Inclusion a prescription to ‘change the world’

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Equal Justice Initiative founder Bryan Stevenson discussed reaching out to those in need in society during an Oct. 30 forum address at the Marriott Center. (Lexie Flickinger)

Bryan Stevenson, the founder and executive director of the Equal Justice Initiative, opened his Oct. 30, 2018, forum address with a plea he said “may sound a bit ambitious.”

“I genuinely believe that collectively we can change the world,” Stevenson said.

Before urging students to change the world, Stevenson — an American lawyer, social justice activist and clinical professor at New York University Law School — shared a small scope of the problems the justice system currently faces.

“I work in the criminal justice system where I’ve seen evidence of some challenges and real problems. In 1972, there were 300,000 people in jails or prisons in America,” he said. “Today, there are 2.3 million people in jails and prisons. The United States now has the highest rate of incarceration in the world.”

Stevenson said with these high levels of incarceration, there are high levels of exclusion for those who are released from prison after having done their time.

“We do terrible things to people when they come out of prison. We exclude them, we marginalize them, in many states we disenfranchise them,” he said.

The first of four steps in his “prescription to cure the injustice in today’s society” is to include the poor and excluded.

“Most of us were raised and told by our parents and our communities that we should stay as far away from the bad part of town as possible,” he said. “Today, I am going to argue the opposite. I think that we need to get closer to the people in the bad part of town, in the places where there is abuse, despair and neglect.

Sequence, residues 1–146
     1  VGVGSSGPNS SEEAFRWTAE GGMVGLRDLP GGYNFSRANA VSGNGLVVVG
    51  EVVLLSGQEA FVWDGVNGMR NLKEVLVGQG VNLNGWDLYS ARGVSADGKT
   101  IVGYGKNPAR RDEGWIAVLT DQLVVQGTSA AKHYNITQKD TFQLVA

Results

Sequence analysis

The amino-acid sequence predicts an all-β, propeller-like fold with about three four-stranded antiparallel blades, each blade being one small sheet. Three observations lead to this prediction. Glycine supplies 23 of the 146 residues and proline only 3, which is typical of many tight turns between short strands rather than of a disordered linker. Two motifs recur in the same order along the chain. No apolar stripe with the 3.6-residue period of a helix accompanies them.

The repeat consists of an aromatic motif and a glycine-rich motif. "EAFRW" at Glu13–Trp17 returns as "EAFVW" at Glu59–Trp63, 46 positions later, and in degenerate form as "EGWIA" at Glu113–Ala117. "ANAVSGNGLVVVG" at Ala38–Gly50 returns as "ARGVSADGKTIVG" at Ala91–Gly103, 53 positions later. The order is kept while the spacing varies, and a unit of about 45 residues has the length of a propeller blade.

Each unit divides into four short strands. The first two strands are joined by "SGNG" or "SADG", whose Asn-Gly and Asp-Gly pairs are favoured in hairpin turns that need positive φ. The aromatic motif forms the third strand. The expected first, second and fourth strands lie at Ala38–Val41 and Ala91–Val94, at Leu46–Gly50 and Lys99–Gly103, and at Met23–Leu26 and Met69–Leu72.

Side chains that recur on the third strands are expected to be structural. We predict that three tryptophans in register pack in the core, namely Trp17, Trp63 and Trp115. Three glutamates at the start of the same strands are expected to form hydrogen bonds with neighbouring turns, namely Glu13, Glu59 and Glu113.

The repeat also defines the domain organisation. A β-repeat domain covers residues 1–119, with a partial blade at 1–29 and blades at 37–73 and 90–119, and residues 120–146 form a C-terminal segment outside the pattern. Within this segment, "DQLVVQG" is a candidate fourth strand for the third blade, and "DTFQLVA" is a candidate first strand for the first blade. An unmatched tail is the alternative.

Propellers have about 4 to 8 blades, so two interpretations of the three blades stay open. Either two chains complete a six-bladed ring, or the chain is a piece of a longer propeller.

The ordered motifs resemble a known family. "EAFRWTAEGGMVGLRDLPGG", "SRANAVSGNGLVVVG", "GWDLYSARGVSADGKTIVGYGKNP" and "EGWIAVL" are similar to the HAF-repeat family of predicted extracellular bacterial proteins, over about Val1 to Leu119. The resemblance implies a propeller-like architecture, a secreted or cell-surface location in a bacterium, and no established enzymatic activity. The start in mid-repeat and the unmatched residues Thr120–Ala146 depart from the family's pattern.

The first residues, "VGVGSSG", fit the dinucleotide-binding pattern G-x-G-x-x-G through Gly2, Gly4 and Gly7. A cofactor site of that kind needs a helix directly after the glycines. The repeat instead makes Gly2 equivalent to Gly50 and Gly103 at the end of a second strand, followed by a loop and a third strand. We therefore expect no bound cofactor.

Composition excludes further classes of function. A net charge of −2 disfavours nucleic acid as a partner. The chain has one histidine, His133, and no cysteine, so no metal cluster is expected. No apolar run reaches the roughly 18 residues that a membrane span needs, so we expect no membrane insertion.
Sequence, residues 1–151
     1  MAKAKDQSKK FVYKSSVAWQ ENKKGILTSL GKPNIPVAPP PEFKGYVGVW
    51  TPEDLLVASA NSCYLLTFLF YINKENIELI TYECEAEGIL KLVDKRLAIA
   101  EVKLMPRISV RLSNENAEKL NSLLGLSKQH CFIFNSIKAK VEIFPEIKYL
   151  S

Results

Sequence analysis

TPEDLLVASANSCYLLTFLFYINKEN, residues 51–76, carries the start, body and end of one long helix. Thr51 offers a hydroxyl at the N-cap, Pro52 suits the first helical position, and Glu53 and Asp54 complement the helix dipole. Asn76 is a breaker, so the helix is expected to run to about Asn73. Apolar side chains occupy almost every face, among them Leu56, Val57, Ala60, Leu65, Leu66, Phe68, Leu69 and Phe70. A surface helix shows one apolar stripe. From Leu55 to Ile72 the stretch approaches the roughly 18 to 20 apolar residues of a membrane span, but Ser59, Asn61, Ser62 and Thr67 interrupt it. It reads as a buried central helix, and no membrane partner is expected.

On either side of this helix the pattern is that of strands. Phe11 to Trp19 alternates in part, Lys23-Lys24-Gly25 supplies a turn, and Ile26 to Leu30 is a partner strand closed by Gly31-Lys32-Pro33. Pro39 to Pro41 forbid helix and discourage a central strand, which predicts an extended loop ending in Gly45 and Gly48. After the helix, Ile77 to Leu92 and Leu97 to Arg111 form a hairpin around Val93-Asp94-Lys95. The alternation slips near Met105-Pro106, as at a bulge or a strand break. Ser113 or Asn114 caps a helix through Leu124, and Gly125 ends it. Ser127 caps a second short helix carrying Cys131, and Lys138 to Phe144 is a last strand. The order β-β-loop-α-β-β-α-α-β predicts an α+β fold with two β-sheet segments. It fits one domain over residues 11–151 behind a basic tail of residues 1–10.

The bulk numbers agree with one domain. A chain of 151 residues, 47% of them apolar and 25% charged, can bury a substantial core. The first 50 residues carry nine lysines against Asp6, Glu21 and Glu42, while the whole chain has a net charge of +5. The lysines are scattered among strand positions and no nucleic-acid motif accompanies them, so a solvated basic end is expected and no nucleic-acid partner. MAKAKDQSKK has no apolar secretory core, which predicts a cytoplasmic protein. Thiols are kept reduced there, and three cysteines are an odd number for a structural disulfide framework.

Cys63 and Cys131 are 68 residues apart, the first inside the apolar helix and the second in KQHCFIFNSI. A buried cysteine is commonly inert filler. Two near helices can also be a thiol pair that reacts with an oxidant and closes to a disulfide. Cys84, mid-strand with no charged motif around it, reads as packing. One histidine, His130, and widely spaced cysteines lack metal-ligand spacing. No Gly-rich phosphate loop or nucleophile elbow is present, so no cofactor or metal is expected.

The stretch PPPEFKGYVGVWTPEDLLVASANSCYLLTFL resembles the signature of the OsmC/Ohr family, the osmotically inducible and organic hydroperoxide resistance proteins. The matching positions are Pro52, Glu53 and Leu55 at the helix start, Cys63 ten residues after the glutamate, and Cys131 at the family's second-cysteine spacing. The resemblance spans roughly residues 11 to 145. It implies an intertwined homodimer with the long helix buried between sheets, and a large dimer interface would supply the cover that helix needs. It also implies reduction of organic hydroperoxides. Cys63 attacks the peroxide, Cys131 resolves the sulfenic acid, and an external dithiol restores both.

Stevenson said with close proximity, communities can change and be close enough to “wrap their arms around people who are struggling.”

The second step in Stevenson’s prescription is to change the narratives beneath policy issues. Stevenson said he believes most of the narrative in society today are shaped by fear and anger.

“I believe that fear and anger are the essential ingredients of inequality,” Stevenson said. When fear and anger shape the narratives of today, oppression begins, according to Stevenson.

Stevenson invited his audience to create healthy communities by staying hopeful.

“Hopelessness is the enemy of justice. Hope is our superpower, it is the way the world changes,” he said.

Stevenson also encouraged attendees to be willing to do things that are uncomfortable and inconvenient. He said he represents the broken in society and noted everyone can as well if they are willing to reach out to those in need, no matter how difficult.

“I don’t do what I do because I’ve been trained as a lawyer. I don’t do what I do because someone has to do it. I don’t do what I do because if I don’t do it no one will,” Stevenson said. “I do what I do because I’m broken too. I’m here to tell you that it is the broken among us that can teach us.”

José A. Teixeira of the Presidency of the Seventy of The Church of Jesus Christ of Latter-day Saints will offer next week’s devotional address on Nov. 6 at 11:05 a.m. MST in the Marriott Center.

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